iXT, a growing Midwest-USA-based, internationally known record label, online music & merch store, artist services, and publishing company, with extensive list of FIlm/TV/Video Game Placements is seeking a motivated and talented full-time Label A&R / Distribution Manager specializing in Alternative/Rock/Metal and Electronic/EDM genres.
The ideal candidate for this position will be motivated to become an active part of the team to accelerate company growth, contribute to the continued expansion of the company and client roster, be extremely organized, and should be capable of multitasking and handling multiple deadlines simultaneously. Candidate should have 3-5+ years of experience in a related field with a portfolio of proven accomplishments and a strong work ethic.
By Mark Mulligan
I spent a couple of days last week in Barcelona for the annual Future Music Forum, which is developing into an important date on the music conference circuit. Later this week I will post some of the highlights of my opening address but first I am going to spend some time developing some of the white hot issues surrounding streaming that were raised at the conference.
In a really strong field, two speakers in particular stood out: Beggars head of strategy Simon Wheeler and PledgeMusic founder Benji Rogers. Their presentations and the conference as a whole were infused with a sense that streaming is changing everything, and more quickly than most people expected. This change is manifesting itself in three big issues:
By Yannick Ilunga
This is probably old news to you: social media is a great way to build and grow a fan base. When looking for a platform to promote their music, many artists turn to the various Facebook, Twitter, YouTube, etc.
When it comes to social media promotion, it is important to have a strategy and goals in mind. There are many different ways social media can be used for promotion.
The following four are some easy-to-implement tactics that musicians can use to grow their fan base and strengthen the bond with those who love their music.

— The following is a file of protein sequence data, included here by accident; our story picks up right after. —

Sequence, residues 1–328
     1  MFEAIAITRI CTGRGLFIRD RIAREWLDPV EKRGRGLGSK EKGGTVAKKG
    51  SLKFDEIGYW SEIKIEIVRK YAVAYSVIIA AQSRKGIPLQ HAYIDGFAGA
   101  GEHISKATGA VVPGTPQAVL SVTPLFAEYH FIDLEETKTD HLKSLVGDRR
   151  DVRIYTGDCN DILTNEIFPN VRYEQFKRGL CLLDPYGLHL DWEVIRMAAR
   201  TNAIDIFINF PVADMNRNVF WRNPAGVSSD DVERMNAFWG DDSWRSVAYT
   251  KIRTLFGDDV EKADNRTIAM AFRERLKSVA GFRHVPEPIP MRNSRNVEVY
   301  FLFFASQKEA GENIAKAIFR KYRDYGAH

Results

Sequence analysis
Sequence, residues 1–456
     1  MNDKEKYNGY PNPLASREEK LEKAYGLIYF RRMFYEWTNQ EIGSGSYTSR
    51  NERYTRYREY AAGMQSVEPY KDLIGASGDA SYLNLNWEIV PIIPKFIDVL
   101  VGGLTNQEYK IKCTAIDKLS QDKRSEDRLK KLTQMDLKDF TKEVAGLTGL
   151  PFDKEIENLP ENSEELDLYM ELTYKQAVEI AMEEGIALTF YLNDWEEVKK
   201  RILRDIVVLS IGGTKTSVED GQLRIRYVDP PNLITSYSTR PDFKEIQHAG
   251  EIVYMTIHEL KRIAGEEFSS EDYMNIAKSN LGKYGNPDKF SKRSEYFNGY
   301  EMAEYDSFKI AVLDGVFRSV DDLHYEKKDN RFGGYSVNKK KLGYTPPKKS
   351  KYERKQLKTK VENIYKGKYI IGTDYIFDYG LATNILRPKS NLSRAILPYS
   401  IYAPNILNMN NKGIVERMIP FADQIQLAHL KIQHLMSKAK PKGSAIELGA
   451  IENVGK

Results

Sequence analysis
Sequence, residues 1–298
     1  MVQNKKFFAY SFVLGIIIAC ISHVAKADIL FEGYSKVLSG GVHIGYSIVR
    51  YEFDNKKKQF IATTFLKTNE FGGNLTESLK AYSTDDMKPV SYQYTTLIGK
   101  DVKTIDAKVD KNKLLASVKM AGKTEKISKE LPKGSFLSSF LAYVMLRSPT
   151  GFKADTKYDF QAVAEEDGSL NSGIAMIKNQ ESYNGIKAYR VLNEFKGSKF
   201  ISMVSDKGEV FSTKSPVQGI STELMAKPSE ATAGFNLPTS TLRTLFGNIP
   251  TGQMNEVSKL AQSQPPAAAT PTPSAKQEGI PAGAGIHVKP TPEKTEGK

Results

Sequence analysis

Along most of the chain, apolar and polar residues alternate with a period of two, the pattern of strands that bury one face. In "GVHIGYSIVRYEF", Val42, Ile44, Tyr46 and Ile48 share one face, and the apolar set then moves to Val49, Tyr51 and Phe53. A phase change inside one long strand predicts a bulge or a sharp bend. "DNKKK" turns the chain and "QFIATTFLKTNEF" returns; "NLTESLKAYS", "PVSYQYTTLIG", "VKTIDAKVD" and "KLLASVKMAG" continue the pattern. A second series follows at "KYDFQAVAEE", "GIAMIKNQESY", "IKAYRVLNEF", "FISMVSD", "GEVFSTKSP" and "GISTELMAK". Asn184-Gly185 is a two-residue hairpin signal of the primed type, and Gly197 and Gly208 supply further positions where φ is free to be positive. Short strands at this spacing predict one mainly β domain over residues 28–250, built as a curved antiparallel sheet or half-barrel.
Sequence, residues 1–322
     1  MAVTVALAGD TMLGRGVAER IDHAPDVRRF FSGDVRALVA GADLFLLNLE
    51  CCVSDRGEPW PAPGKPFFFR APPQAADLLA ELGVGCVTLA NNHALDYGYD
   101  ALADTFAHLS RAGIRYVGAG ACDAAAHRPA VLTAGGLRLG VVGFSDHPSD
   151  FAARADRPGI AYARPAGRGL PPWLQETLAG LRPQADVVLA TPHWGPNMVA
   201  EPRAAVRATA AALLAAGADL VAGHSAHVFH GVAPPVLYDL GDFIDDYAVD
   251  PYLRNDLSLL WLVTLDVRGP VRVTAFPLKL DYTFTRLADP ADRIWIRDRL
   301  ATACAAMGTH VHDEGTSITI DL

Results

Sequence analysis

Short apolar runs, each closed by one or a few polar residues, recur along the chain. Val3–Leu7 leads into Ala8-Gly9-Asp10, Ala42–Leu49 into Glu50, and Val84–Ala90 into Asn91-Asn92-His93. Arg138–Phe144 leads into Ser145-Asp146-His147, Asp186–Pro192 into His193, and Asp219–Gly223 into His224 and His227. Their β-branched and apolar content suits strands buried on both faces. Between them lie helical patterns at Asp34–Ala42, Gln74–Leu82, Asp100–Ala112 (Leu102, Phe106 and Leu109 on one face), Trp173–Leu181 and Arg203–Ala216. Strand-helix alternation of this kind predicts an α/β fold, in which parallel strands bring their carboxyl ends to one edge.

By Kim Kelly @grimkim
By now, you surely know the importance of keeping up with the Joneses online, updating all of your profiles religiously, and how to interact on social media. But as your band gets more well-known and more eyeballs turn toward you, I can’t stress enough how important it is to master the the delicate balance between being relatable, oversharing, and incriminating.
UPDATED: Even with the plethora of free and almost free music along with the zillion track libraries available to anyone willing to shell out just $5 - $10 a month, there still some people that pay for music. I’m one of those who buys to support my favorite musicians, but who else? MusicWatch with just 10 years ago. They conducted online surveys of 5,000 music buyers ages 13 and up in both 2004 and 2014. Here are their findings:
By Hugh McIntyre
Music publishing is something that many small artists don’t think about, and, to be honest, some of them don’t need to. If you’re truly just starting out in music, focusing on getting the word out and racking up a good number of listens comes before delving too deeply into the complicated world of music publishing. Having said that, publishing is a very important (if less-than-sexy) part of the industry, and, if you’re successful enough or even just performing for any real length of time, you’ll have to deal with it at some point.
Two things are important when venturing into music publishing: hiring a lawyer and understanding what’s going on. While you should be aware of who’s handling your work and what’s happening with it, you don’t have to go it alone. There are plenty of lawyers out there that can help navigate these contracts – for a fee, of course. Many deals for smaller artists can be routine and painless, but that doesn’t mean you shouldn’t know the particulars or have help.